In fact, after water, tea is the second most popular drink on the planet. Around 45 per cent of all tea grown in the world is exported, and the UK itself buys 16 per cent of the tea that India grows for export.
Supermarkets account for over 80 per cent of all tea bought in Britain, but the people who pick the tea get just one penny from every £1.60 box of teabags sold. Recent research by the charity ‘War on Want’ in conjunction with the trade union Unite shows that workers in northern India earn just Rs1,220 a month compared with an estimated required living wage of at least Rs 3,500 a month. While UK supermarkets have committed to the payment of a living wage to all workers employed by businesses in their supply chains, tea workers employed in India that supply British supermarkets are paid less than half of what would constitute a living wage.
Although India is a major tea producer, the lion’s share of profits goes to large transnational companies. The buying and packing side of the tea supply chain is very concentrated, and this gives the companies involved a high level of power over the prices paid to producers. In the UK, four companies control 65 per cent of the retail market - Tetley (Tata), PGTips (Unilever), Twinings (Associated British Foods) and Typhoo (Apeejay Surrendra Group).
As tea passes through packers and retailers, the final two stages of its journey to the consumer, they capture a massive 86 per cent of the value added, compared to 7 per cent for the producing country. Very little of the profits included in the retail price of a box of tea goes to the tea-producing country.
For Indian tea workers, a lack of food is the major concern. The rise in food prices over the last few years has forced a reduction in the amount of food consumed because workers simply cannot afford to buy what they need. Consequently, there is widespread malnutrition. Indeed, medical studies have found that 60 per cent of the children in Indian tea estates are underweight.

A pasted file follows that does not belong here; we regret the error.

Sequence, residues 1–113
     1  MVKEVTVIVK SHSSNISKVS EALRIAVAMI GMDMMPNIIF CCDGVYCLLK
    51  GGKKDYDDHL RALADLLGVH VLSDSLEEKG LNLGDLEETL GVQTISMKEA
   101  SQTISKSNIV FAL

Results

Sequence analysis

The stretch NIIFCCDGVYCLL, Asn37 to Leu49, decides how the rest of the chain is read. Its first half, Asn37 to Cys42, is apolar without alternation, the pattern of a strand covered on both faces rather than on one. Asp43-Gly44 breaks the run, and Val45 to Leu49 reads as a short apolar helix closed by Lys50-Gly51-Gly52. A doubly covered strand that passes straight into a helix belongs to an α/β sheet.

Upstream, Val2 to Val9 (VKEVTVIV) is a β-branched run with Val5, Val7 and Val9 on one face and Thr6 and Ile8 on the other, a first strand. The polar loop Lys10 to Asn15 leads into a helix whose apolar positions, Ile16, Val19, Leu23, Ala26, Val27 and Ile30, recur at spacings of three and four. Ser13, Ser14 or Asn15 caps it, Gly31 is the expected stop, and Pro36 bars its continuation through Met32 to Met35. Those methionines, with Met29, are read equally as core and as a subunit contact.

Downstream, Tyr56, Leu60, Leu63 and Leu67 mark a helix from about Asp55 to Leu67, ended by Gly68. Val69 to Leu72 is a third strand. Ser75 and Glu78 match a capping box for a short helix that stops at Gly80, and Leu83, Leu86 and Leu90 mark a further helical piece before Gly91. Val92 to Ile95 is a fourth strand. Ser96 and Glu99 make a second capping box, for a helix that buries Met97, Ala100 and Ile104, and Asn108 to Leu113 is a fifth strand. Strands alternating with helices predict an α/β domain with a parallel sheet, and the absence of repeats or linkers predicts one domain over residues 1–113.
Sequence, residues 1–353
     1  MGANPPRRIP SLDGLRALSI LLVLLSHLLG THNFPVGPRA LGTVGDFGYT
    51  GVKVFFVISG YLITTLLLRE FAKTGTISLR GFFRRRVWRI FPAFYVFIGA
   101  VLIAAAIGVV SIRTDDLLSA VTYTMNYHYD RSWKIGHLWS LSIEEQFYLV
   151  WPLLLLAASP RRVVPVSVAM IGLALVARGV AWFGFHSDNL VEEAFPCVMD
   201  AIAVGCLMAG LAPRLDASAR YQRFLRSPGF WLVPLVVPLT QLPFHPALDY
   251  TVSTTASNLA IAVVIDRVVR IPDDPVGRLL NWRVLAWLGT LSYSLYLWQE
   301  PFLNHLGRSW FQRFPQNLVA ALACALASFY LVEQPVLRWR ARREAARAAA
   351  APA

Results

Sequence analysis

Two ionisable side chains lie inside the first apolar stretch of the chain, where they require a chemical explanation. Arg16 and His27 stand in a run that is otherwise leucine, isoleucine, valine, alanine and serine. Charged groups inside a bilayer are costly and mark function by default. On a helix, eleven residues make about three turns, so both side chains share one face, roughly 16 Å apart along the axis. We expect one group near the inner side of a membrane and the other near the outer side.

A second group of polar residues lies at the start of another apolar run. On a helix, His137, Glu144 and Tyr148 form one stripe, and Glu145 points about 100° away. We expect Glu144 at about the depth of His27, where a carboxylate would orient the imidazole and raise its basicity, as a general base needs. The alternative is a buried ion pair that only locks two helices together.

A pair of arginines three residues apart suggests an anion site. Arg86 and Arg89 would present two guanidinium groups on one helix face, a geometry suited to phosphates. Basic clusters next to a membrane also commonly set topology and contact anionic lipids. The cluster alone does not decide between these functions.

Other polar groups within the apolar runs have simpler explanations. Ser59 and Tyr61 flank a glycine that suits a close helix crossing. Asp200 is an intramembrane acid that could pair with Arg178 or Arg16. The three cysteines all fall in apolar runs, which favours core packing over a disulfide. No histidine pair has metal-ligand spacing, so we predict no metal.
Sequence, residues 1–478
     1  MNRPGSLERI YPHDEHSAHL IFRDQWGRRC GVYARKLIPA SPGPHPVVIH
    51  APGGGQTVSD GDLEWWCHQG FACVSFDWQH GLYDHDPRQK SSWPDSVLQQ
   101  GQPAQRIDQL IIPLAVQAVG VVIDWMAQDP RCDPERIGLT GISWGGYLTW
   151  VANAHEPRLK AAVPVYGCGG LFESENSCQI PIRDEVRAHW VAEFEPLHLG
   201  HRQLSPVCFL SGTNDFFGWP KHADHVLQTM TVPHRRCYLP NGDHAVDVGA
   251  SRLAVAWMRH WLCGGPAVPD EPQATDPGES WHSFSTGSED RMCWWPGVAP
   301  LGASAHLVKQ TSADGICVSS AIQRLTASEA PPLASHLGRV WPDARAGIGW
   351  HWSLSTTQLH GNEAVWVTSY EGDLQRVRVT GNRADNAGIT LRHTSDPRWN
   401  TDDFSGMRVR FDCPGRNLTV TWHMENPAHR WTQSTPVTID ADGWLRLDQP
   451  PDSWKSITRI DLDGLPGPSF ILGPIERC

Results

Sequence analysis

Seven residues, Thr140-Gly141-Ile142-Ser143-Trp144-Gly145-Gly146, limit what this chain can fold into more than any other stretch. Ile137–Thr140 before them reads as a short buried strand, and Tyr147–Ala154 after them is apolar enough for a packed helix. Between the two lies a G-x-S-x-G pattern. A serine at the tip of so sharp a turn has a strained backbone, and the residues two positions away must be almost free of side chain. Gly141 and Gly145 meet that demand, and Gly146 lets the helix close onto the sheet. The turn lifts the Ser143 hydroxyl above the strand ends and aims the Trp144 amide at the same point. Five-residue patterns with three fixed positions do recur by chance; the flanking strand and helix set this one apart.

The work of tea labourers is arduous in addition to being low paid and insecure. Tea pickers are on their feet all day with heavy baskets on their backs, often on uneven terrain and in harsh weather conditions. Injuries are common, as are respiratory and water-borne diseases. There is often exposure to pesticides and insecticides.
Working hours in India are long and women labourers note the difficulty of performing cooking, cleaning and child care duties alongside spending eight or more hours in the fields. Time off is very limited. Statutory sick pay or holiday leave entitlements are often ignored by companies, and workers tend to be unaware of these entitlements anyhow.
The giant supermarket chains today wield unprecedented power on a global scale and can dictate the terms at which overseas producers are forced to sell their products, whether tea or any other number of goods. With threats to find new suppliers, they are able to force prices down around the world.
This week, British Prime Minister David Cameron and Business Secretary Vince Cable will visit India. During his trip, Simon McRae of War on Want says, Cameron will be confronted with the dire poverty that faces millions of Indians and asserts that the UK government has a duty to ensure fair treatment for the workers who supply Britain’s tea by not allowing this exploitation to continue.
McRae is not alone. Many in the UK are now calling for Cameron and Clegg to formally investigate the abuse of workers throughout the world and allow them to seek redress in the UK when they suffer from buying practices that force them into poverty. Instead of the UK government looking the other way, it would do well to heed such calls.